It can be challenging to find a good selection of beer in Costa Rica, but for the throngs of people who attended the third annual Craft Beer Festival Saturday at Avenida Escazú, the more relevant challenge was figuring out which beers to try. There were 37 brews in all, and festival-goers each paid $30 for the right to sample just 20 of them.
Crowds gathered around stands set up by brewers from throughout the country in the largest Craft Beer Festival to date. More than 3,000 people attended this year’s festivities, according to organizer and CR Craft Brewers Association President Luis Arce, compared to just 400 the first year and 2,000 people last year. The growth in attendance coincides with Costa Rica’s burgeoning craft beer movement.
You wouldn’t guess it from the lively scene at the festival, but craft brewing only officially arrived in Costa Rica in 2010. Initiated by Costa Rica’s Craft Brewing Company – which completed the permitting process that year – the craft brewing trend continues to leave a bold impression on the tongues of many Tico tasters. Luís Fernandez, brewmaster at Fercas Brew Pub, compared these innovative new beers with the country’s national beers: “Imperial is like, you know, water. I used to love Imperial. I still love it,” he joked. “It’s for breakfast.”
Microbreweries offer palette-expanding chocolaty beers like Mamacandela from Treintaycinco, fruity options like Mango Mae from Perro Vida and hoppy selections like the Rubia from La Selva, among more than three dozen choices. Participants included a number of commercial breweries and brewpubs, and also many up-and-coming operations that have yet to become licensed.
Perro Vida, a commercial brewer based on the edge of the rainforest near Manuel Antonio, took the top prize last year at the festival’s homebrew competition thanks to its Massive Mastiff IPA. This year, because the brewery had expanded so much, it was no longer eligible for the contest, which welcomes only the smallest brewing operations.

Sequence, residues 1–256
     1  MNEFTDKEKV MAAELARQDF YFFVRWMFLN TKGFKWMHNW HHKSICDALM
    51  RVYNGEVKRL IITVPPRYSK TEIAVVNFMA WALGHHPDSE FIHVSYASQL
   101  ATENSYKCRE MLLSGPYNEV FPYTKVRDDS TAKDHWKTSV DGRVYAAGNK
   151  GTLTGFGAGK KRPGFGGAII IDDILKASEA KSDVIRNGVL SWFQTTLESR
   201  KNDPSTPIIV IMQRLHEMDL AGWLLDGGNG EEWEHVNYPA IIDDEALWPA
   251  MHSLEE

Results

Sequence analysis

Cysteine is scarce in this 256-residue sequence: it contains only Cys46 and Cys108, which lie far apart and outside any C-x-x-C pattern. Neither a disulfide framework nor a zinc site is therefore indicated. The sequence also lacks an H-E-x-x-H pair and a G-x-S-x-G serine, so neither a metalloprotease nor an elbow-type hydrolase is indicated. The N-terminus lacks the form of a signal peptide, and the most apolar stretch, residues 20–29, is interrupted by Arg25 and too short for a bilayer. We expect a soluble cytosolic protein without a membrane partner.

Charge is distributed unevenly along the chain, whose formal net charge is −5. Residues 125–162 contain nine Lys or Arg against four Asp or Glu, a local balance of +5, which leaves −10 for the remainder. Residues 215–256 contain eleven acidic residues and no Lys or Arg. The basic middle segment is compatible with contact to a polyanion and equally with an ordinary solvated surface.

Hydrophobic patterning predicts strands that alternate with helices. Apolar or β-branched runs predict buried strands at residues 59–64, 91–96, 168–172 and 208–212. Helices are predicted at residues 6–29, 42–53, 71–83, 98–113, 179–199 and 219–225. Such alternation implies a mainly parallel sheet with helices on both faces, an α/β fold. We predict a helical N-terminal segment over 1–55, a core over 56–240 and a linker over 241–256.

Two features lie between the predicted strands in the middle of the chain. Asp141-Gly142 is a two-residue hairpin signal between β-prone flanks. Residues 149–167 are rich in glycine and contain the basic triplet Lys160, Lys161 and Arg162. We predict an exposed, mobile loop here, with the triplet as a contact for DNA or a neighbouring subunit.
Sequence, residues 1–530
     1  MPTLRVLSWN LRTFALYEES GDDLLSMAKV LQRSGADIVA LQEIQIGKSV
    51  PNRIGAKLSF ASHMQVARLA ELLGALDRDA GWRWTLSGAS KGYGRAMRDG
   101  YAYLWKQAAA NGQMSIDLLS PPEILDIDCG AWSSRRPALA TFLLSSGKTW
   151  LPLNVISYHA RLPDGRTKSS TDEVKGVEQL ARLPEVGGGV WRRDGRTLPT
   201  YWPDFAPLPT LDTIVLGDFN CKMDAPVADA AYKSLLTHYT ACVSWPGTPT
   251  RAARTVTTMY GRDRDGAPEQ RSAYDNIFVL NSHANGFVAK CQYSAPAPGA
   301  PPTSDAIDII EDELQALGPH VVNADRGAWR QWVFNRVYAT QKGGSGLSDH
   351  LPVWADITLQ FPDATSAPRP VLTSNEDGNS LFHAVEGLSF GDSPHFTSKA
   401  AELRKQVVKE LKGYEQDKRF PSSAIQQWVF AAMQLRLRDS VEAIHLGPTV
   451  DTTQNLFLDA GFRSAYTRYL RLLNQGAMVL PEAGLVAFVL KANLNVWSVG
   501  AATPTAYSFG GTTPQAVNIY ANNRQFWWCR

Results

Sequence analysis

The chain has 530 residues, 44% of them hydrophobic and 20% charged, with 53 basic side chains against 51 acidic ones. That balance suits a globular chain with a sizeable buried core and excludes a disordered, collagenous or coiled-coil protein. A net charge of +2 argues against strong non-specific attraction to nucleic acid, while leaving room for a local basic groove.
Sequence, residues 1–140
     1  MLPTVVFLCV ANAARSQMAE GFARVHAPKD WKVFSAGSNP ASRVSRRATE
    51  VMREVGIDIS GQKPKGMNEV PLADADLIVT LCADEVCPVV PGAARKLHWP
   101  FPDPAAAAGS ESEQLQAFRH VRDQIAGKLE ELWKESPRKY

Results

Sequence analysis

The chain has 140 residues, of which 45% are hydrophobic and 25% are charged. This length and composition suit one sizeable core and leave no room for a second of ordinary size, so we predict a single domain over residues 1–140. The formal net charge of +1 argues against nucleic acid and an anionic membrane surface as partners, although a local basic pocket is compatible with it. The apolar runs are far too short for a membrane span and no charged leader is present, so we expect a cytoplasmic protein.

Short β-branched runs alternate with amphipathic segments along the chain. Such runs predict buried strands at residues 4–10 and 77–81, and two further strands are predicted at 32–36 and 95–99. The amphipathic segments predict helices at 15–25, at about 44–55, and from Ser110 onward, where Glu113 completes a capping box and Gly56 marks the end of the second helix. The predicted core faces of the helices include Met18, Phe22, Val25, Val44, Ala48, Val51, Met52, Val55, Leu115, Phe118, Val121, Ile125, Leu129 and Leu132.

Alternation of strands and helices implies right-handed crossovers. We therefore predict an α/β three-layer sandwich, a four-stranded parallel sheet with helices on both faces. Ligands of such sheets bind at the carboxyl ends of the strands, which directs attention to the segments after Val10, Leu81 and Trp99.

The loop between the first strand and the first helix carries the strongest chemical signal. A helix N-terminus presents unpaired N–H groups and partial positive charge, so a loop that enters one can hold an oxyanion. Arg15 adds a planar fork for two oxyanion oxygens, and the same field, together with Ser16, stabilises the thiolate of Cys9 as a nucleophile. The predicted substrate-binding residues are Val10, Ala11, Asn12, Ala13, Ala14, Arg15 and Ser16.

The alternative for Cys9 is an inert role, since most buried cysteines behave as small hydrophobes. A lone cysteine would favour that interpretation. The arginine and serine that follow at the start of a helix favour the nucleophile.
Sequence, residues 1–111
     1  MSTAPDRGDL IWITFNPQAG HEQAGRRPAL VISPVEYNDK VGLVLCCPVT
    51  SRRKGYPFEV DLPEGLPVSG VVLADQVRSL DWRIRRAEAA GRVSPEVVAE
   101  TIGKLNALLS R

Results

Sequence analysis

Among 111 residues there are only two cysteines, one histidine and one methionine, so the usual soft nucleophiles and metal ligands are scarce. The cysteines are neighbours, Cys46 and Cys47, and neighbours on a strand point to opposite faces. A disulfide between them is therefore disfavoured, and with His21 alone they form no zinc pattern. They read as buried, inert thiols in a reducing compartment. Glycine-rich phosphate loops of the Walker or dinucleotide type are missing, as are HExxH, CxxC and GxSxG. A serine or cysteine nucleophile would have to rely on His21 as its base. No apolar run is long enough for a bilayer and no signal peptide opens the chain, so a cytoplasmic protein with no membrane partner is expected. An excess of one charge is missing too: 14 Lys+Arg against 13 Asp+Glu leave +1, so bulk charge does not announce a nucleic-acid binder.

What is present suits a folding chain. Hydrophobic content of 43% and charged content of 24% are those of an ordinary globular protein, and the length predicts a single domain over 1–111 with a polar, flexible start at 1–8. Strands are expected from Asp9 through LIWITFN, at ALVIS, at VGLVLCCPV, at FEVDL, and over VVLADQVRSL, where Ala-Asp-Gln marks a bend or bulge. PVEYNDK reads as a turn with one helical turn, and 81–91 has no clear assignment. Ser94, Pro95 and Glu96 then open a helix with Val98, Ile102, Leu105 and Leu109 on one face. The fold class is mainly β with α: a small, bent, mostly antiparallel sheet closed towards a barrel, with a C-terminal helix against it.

“People are willing to travel for good beer,” observed Kyle Kersey, a business partner with Perro Vida. “It just melds perfectly with what Costa Rica is all about.”
While Kersey reveled in the growth of the company and the festival, many of the newer enterprises took their initial steps in building a name. Treintaycinco, Calle Cimarrona, Perro Vida, Pezuña Negra and Perra Hermosa all managed to obtain licenses in 2013, and are now for sale in local bars, particularly Barrio Amon’s Stiefel Pub.
Navigating the bureaucracy to obtain permitting was complicated, said Carlos Sánchez of Treintaycinco. He doesn’t envy the microbreweries still facing the struggle his business emerged from last year, but pushing through the red tape has already proven worth the effort. After his business finally obtained the permits, “we started to sell the beer in more bars and restaurants.”
“Actually now we have a production of 60,000 liters each year,” Sánchez said.
At the festival, thirsty attendees expressed a desire to partake in craft beer more often. The country’s increasing fascination with variety gives hope to new brewers that the market will keep expanding — and that perhaps the permitting process will get smoother.
Ryan Ackerman, brewmaster at the Malpaís-based brewery Perra Hermosa, said his operation may join others to start a cooperative. “We’ve found that’s the best way to do it here,” he said. “Order together, work together, trust each other.”
Festival-goers ranged in age and nationality as they imbibed in the vast selection of beers on tap Saturday. Live music blared. The smells of French fries and crispy squid wafted from the booth of seafood restaurant Product C. And crowds of happy people wielded innovative and tasty beverages that five years ago they couldn’t have imagined.
Next year the event will grow bigger still, organizers say. The festival likely will have to move to a larger venue in 2015 to contain all of Costa Rica’s craft brew enthusiasts.